Low-dose metronomic oral dosing of a prodrug of gemcitabine (LY2334737) causes antitumor effects in the absence of inhibition of systemic vasculogenesis.
Giulio Francia, Yuval Shaked, Kae Hashimoto, John Sun, Melissa Yin, Carolyn Cesta, Ping Xu, Shan Man, Christina Hackl, Julie Stewart, Mark Uhlik, Anne H Dantzig, F Stuart Foster, Robert S KerbelMolecular cancer therapeutics2012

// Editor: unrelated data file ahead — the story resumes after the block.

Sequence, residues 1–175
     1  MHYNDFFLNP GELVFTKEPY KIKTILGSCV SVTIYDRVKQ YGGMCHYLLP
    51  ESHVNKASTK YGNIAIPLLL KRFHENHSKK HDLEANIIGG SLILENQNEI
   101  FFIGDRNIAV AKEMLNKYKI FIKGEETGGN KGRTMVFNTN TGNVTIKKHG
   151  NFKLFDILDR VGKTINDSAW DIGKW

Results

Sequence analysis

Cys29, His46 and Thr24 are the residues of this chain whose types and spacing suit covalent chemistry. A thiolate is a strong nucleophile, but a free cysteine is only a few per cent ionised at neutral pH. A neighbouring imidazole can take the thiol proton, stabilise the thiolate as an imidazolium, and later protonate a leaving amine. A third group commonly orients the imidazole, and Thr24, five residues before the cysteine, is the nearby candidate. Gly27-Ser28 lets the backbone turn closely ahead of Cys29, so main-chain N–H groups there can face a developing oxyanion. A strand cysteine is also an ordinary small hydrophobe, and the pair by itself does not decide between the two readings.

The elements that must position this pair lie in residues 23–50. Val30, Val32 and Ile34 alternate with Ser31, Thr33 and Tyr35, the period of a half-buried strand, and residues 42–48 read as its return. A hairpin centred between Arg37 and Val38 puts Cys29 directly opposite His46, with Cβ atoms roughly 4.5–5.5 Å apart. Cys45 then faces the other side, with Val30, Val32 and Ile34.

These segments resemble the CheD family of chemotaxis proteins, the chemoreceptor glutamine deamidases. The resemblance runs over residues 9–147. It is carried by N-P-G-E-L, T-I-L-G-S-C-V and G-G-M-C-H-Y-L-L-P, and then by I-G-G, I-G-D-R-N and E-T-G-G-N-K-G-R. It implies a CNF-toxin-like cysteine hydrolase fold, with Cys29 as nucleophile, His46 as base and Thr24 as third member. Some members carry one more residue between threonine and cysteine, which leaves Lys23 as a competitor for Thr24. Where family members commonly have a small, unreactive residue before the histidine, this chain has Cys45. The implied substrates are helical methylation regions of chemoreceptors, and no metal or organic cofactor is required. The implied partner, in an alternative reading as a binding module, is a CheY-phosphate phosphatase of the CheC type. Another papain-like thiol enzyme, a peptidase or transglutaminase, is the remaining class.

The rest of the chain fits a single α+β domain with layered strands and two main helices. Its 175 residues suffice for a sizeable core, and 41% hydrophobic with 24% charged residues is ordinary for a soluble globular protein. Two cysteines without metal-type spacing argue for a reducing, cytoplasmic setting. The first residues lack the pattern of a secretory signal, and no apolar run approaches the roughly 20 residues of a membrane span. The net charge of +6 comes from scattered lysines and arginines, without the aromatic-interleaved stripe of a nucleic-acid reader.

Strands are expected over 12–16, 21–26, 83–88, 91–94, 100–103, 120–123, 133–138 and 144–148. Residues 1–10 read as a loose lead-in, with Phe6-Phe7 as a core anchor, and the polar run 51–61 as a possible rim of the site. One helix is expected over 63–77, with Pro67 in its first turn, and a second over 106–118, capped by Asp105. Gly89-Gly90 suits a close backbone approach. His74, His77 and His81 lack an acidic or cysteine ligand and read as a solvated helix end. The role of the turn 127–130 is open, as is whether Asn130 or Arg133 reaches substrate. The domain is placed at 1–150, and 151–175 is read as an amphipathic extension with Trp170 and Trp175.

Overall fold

Metronomic chemotherapy refers to the close, regular administration of conventional chemotherapy drugs at relatively low, minimally toxic doses, with no prolonged break periods; it is now showing encouraging results in various phase II clinical trials and is currently undergoing phase III trial evaluation. It is thought to cause antitumor effects primarily by antiangiogenic mechanisms, both locally by targeting endothelial cells of the tumor neovasculature and systemically by effects on bone marrow-derived cells, including circulating endothelial progenitor cells (CEP). Previous studies have shown reduction of CEPs by metronomic administration of a number of different chemotherapeutic drugs, including vinblastine, cyclophosphamide, paclitaxel, topotecan, and tegafur plus uracil (UFT). However in addition to, or even instead of, antiangiogenic effects, metronomic chemotherapy may cause suppression of tumor growth by other mechanisms such as stimulating cytotoxic T-cell responses or by direct antitumor effects. Here we report results evaluating the properties of metronomic administration of an oral prodrug of gemcitabine LY2334737 in nontumor-bearing mice and in preclinical models of human ovarian (SKOV3-13) and breast cancer (LM2-4) xenografts. Through daily gavage (at 6 mg/kg/d), the schedules tested were devoid of toxicity and caused antitumor effects; however, a suppressive effect on CEPs was not detected. Unexpectedly, metronomic LY2334737 administration caused increased blood flow in luciferase-tagged LM2-4 tumor xenografts, and this effect, readily measured using contrast micro-ultrasound, coincided with a relative increase in tumor bioluminescence. These results highlight the possibility of significant antitumor effects mediated by metronomic administration of some chemotherapy drugs without a concomitant inhibition of systemic angiogenesis.